On-Demand: Part 1 The Black Church: This Is Our Story, This Is Our Song

On-Demand: Part 1 The Black Church: This Is Our Story, This Is Our Song

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Credit: Courtesy of PBS

Watch On-Demand: Part 1 of the two-part series reveals the broad history and culture of the Black church and explores African American faith communities on the frontlines of hope and change.

Tracing the 400-year-old story of the Black church in America, The Black Church: This Is Our Story, This Is Our Song reveals how Black people have worshipped and, through their spiritual journeys, improvised ways to bring their faith traditions from Africa to the New World, while translating them into a form of Christianity that was not only truly their own, but a redemptive force for a nation whose original sin was found in their ancestors’ enslavement across the Middle Passage. The Black Church: This Is Our Story, This Is Our Song

See Episode 1 through 3/16/21: 

PART ONE – Aired Tuesday, February 16 at 9:00 p.m. on WXXI-TV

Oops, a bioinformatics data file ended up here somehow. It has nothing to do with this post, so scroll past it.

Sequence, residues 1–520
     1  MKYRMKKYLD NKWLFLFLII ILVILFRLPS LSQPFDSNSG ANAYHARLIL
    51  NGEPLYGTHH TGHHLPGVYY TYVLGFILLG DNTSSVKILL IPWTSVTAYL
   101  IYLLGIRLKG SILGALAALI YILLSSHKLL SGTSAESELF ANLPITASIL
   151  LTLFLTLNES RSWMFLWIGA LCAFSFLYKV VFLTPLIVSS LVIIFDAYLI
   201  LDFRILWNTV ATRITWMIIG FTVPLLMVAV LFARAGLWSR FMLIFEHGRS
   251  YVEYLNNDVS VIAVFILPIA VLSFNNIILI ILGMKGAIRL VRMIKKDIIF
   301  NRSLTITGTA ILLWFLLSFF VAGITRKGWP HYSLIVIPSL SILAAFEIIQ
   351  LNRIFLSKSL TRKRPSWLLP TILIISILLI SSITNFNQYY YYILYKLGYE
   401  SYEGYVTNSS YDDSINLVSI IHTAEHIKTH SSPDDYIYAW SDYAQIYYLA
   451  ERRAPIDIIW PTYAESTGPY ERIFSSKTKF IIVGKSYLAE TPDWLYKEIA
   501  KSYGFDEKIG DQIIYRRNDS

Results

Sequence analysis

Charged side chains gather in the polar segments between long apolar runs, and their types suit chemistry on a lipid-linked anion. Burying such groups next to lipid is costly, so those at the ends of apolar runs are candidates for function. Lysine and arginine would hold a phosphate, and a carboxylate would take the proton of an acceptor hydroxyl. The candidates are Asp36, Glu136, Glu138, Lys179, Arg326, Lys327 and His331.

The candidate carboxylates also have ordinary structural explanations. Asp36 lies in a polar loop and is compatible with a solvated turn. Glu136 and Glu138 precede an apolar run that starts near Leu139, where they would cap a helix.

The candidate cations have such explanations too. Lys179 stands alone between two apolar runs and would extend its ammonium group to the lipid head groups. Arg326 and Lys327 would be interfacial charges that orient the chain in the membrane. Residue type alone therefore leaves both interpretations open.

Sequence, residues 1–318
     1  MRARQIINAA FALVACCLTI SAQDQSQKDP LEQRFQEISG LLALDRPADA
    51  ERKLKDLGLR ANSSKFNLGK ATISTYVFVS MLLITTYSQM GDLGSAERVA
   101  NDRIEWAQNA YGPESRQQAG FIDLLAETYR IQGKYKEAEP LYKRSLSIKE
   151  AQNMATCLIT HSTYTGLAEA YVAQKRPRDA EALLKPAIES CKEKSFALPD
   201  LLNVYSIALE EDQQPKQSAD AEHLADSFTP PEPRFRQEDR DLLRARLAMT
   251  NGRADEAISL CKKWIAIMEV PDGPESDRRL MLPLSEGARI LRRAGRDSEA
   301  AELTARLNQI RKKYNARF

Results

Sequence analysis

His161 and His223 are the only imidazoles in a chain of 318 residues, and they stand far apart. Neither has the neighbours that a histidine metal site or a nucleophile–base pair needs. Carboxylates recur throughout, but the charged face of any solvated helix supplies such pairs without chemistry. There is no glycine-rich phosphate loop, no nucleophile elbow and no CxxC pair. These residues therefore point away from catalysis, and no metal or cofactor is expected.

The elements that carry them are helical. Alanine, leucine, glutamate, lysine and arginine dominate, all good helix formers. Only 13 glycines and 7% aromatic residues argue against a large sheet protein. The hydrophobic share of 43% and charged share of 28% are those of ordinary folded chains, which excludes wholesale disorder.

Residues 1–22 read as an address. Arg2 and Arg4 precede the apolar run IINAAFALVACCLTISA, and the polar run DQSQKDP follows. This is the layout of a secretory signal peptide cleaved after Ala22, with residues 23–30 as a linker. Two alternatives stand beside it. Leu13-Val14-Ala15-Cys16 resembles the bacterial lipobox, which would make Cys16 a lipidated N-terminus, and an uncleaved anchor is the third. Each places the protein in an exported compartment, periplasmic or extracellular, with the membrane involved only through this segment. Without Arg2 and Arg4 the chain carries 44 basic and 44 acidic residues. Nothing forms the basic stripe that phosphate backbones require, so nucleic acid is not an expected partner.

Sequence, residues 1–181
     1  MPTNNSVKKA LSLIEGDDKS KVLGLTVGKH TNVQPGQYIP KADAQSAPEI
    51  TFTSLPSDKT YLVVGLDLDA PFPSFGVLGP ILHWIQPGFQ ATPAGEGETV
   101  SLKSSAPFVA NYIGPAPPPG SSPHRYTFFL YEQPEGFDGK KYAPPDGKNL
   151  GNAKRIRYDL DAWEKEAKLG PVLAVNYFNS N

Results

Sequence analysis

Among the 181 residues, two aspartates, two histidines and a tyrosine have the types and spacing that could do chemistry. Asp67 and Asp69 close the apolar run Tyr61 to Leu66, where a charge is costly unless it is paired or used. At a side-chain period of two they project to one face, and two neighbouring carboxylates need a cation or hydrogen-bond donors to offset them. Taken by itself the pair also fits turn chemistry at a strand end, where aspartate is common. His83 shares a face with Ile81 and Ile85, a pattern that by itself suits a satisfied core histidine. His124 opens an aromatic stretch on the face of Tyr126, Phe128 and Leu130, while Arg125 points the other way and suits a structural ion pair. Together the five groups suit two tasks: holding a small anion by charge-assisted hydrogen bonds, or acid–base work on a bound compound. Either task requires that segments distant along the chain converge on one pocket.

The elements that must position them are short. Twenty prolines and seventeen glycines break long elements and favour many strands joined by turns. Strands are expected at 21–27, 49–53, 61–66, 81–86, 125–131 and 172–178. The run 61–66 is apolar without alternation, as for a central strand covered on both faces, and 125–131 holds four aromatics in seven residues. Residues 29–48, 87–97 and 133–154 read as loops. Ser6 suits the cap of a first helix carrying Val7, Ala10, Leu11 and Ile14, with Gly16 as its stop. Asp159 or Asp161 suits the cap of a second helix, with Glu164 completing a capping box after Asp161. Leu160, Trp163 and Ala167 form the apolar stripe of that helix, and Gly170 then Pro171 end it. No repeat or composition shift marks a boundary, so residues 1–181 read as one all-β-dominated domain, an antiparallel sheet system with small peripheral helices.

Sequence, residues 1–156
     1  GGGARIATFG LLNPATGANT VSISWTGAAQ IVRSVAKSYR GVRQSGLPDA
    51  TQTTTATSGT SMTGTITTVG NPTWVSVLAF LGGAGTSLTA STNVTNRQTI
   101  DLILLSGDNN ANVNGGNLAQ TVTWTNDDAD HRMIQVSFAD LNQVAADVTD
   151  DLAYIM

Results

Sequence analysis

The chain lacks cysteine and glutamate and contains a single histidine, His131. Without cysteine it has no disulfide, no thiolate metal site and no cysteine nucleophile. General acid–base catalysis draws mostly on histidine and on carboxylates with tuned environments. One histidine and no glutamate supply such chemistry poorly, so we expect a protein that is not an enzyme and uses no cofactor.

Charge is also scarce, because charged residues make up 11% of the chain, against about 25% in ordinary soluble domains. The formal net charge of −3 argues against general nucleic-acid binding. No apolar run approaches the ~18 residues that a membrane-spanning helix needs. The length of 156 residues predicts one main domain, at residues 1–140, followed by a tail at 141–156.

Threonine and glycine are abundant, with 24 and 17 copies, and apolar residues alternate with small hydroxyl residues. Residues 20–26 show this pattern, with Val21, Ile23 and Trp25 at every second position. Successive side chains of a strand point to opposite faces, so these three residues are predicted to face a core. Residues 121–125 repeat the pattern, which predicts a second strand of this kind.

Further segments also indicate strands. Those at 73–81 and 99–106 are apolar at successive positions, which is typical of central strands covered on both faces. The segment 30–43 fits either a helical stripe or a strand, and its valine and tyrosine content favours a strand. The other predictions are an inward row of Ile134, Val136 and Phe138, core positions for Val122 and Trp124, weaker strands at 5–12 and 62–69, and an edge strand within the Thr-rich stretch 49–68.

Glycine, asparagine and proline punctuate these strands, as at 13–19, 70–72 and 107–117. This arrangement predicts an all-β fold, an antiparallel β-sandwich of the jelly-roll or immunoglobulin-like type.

Host Henry Louis Gates, Jr. explores the roots of African American religion, beginning with the trans-Atlantic slave trade and the extraordinary ways enslaved Africans preserved and adapted their faith practices under the brutal realities of human bondage. As an awakening of Protestant Christianity spread in the 18th century, Black Americans embraced a vision of a liberating God and Black churches that would become bedrock institutions in the long struggle to dismantle slavery, culminating in the Civil War. With Emancipation and Reconstruction, independent Black churches flourished and helped the formerly enslaved navigate a perilous freedom by fulfilling the social, educational, financial, cultural, and political needs of​ African Americans. Dr. Gates speaks with noted scholars, public figures, and religious leaders about faith and the struggle for rights in the midst of growing racial violence that would continue well into the 20th century. Key figures include founder Richard Allen and preacher Jarena Lee of the African Methodist Episcopal Church; abolitionist Frederick Douglass; influential religious figure Henry McNeal Turner; and pioneers Virginia Broughton and Nannie Helen Burroughs of the National Baptist Convention.

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